The Assumptions In Real Estate Investment Modeling

by Greg Brown, Head of Real Estate

Assumptions are a necessary evil of projecting and attempting to predict the performance of real estate investments. If anybody had the ability to predict the future, they wouldn’t be in real estate….they would BE real estate. And not reading this piece.

When evaluating an investment it is important to understand where the income/revenue comes from. Not just what is contracted for today or at the time of investment, but where it is coming from in the future. This is where things can get tricky because many leases can be for five years or longer. Again, predicting or projecting what will happen beyond five years is still more of an art than a science.

Below are assumption characteristics of which to be mindful:

  1. Make sure returns are not dependent on overly aggressive future assumptions.

Is the deal sponsor projecting they will be able to lease space for two times current rent when the current tenant(s) vacate? Are they projecting that the asset will be worth 50% more in three years? Remember the assumed Internal Rate of Return (IRR) is NOT the same as annual cash flow. Do not assume that if a deal is predicting a 20% IRR that you’ll be receiving annual checks for 20% of your investment.

  1. Understand the sources of revenue.

Most projections include revenue from two places: cash flow and proceeds from sale. If you are looking for a stable cash flow investment, make sure the investment return projections are not heavily dependent on exit proceeds.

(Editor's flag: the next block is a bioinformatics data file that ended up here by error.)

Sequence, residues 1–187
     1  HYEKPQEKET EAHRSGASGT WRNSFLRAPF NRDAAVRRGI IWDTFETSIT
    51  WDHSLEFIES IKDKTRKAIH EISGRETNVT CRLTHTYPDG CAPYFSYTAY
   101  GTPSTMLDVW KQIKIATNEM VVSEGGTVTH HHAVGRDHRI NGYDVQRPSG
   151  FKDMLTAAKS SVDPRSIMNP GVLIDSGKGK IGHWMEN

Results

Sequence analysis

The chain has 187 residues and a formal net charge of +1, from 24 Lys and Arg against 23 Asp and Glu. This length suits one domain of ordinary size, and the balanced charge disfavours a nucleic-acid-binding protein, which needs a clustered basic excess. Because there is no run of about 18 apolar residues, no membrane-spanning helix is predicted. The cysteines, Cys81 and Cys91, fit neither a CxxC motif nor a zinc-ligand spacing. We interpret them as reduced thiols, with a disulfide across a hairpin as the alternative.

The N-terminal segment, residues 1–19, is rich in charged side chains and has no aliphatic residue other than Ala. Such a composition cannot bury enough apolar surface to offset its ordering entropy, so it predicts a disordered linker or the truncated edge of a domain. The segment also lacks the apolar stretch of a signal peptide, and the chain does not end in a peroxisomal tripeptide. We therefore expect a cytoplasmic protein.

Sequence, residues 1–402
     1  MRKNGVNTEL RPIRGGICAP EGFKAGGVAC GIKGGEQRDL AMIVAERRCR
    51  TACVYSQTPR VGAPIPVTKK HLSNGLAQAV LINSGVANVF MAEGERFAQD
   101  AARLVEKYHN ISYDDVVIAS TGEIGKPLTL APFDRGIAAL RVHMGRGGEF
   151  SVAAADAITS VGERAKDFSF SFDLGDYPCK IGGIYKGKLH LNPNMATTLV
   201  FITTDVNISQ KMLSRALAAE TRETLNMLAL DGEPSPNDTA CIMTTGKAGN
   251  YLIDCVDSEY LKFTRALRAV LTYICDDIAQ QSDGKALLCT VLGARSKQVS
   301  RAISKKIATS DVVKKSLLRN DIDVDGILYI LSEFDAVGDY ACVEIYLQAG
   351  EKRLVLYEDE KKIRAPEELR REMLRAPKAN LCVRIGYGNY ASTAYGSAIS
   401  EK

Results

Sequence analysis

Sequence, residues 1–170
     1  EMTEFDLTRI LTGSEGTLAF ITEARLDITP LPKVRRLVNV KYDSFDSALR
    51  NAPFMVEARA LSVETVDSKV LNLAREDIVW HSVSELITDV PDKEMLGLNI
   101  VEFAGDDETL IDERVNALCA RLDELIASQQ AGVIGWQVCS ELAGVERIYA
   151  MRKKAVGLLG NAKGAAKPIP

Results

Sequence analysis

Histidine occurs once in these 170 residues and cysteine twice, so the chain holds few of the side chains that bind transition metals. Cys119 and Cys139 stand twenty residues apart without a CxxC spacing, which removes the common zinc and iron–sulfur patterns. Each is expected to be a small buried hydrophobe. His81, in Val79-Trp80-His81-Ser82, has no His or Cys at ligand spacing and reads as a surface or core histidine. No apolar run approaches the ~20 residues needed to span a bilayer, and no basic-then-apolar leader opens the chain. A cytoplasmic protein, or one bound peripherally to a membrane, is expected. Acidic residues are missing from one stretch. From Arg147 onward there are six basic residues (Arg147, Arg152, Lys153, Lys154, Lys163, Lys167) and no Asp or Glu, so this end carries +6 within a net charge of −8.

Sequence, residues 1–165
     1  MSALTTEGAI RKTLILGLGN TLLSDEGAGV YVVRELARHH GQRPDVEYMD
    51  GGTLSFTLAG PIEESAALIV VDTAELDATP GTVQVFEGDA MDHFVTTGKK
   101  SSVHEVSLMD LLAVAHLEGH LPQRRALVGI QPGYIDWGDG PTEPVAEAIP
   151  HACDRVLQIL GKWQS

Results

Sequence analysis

1. Understand how many different assumptions are going into the model.

Below are some assumption examples:

  • Lease renewal probabilities of existing tenants: what is the likelihood a tenant will stay and at what rental rates?
  • Lease-up probabilities for new developments: how long is the sponsor projecting for a deal to reach projected occupancy hurdles? And at what rental rates relative to the market?
  • Exit sale assumptions/appreciation: most models project a hold period, and during this time it is likely assumed that the asset will go up in value. If the sponsor is projecting the asset to appreciate significantly over the hold period, there needs to be well-founded reasons for that projection.

Broker-dealer issued securities must be transparent regarding all of the assumptions included in a projection model. However, it is still the duty of the investor and (and the investor’s advisors) to understand the impact of the assumptions in order to identify opportunities, understand the risks, and mitigate them.  

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